How Does Microfinance Work?

This blog post was written by our Engagement & Finance Officer, Sasha Watterson. 

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Microfinance today is a broad term used to describe financial services (such as loans and savings) which are offered to entrepreneurs, small businesses and individuals who lack access to traditional banking services. Dr Mohammad Yunus is considered a pioneer of modern microfinance. In the 1970s and 80s, he experimented with making small loans (which he funded himself) to women in Bangladesh who had relied on loans with unfair terms in the past. 

Since then microfinance has expanded and evolved to include many different structures of microfinance - microcredit, savings-led microfinance, The Grameen Model, savings groups etc. The movement has impacted millions of families over the years, and even today the microfinance landscape continues to develop. For more than a decade Five Talents has been developing a model of savings-led microfinance which allows our clients to build a sustainable income and forge a route out of poverty.

As a microfinance charity, we provide services to more than 35,000 people living in East Africa. Our aim is to give our clients the means to save together (in groups we call Trust Groups) and take small business loans to invest in their micro-enterprises. All Trust Groups are unique and progress at different speeds but most follow a basic model:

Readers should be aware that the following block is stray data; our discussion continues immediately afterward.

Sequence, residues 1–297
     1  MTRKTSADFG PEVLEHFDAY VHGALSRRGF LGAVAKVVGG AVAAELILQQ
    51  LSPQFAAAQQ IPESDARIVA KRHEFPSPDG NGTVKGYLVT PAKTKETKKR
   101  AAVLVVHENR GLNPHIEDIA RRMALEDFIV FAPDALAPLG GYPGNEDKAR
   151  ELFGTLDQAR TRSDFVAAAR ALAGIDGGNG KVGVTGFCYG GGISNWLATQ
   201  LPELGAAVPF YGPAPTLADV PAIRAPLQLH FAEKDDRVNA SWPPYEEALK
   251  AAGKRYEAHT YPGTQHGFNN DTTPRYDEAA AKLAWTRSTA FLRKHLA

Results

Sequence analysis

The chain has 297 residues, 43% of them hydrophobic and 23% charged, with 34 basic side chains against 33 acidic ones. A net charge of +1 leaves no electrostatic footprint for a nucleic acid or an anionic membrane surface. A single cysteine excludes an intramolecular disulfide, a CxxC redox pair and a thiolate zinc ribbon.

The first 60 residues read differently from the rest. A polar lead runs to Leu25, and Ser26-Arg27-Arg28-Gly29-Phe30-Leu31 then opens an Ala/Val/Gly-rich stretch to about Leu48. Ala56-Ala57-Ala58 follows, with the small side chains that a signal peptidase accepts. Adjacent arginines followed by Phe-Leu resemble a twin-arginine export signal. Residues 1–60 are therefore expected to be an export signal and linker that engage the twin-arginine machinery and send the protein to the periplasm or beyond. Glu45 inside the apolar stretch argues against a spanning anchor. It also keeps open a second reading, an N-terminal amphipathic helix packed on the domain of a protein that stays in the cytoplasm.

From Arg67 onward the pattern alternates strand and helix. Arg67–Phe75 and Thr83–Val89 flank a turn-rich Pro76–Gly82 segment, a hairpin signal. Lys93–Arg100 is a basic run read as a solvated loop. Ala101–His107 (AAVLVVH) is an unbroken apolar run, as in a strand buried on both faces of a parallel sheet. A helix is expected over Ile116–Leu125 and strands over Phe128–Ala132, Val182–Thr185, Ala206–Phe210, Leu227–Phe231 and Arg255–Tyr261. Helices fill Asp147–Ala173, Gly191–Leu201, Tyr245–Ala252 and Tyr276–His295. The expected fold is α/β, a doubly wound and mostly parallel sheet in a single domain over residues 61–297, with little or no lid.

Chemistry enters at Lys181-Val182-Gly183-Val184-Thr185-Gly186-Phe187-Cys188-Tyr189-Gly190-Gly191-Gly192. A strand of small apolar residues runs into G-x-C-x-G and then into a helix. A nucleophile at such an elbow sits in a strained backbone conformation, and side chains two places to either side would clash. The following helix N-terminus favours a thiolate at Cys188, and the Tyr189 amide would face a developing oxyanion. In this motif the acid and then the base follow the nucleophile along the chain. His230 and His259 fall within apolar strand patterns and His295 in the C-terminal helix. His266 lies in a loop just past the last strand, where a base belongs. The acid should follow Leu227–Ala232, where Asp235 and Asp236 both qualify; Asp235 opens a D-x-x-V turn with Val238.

1. Mobilisation: Members form Trust Groups of 75-100 people, subdivided into groups of 3-5 people, who know each other well and are prepared to co-guarantee one another’s loans.

  2. Formation: Members begin saving and are trained in financial literacy and business skills. A Board is elected from amongst the members who are then trained in good governance and oversee all Group meetings and transactions. Groups write their own Constitution and hold elections each year.

  3. Launch of loan scheme: After around 6 months, members start lending to each other and the fund grows through the charging of interest (which is shared out as dividends at the end of the year). Experience shows that groups make very strong credit decisions since each of the members are invested in the loan fund. Throughout this period members continue to receive training in basic business skills.

  4. Trust Group matures: After around 18 months our involvement will begin to decrease as groups mature and are able to operate independently. Groups continue saving and lending together,  giving them an ongoing safety net through their savings and the means to keep growing their businesses.

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Each microfinance programme is based on a model that is designed and operated by our local partners. They know their communities best and, because the model builds sustainable groups, it allows us to move on and start programmes, supporting more communities. Since 2016, as a result of the generosity of our supporters, we have been accelerating the number of programmes we are starting. Visit our website to find out more about our current programmes, including a brand new programme in DR Congo.

Q&A With Development Consultant Margaret Sentamu

Q&A With Development Consultant Margaret Sentamu

Forty years ago, not many people will have heard of enterprise or sustainable development.  The poor in the developing world would have instinctively looked to their governments and through them to foreign donors to help fund their needs.  But today, people are looking to be given a hand up and not a hand out to help them become self-supporting and self-sustaining.